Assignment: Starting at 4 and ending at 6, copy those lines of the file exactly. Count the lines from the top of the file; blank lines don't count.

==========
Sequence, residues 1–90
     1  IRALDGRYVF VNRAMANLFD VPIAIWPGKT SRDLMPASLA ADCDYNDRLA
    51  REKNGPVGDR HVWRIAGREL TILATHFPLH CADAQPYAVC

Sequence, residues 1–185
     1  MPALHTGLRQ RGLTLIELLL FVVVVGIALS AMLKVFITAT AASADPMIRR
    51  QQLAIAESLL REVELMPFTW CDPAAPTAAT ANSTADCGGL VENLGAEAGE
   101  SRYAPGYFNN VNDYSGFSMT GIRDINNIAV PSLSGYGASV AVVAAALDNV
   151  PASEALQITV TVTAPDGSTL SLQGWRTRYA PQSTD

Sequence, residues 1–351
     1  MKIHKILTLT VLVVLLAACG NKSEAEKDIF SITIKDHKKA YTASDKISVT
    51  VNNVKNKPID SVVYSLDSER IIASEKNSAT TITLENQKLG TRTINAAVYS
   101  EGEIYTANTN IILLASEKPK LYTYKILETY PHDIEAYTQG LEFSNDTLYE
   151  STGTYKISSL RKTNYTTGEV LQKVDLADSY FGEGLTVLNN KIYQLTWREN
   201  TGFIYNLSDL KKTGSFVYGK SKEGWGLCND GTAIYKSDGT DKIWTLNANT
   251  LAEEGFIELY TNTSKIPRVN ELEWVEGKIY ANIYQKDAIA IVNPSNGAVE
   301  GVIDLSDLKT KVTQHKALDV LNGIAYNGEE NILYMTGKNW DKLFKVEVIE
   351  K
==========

Sequence, residues 1–185
     1  MPALHTGLRQ RGLTLIELLL FVVVVGIALS AMLKVFITAT AASADPMIRR
    51  QQLAIAESLL REVELMPFTW CDPAAPTAAT ANSTADCGGL VENLGAEAGE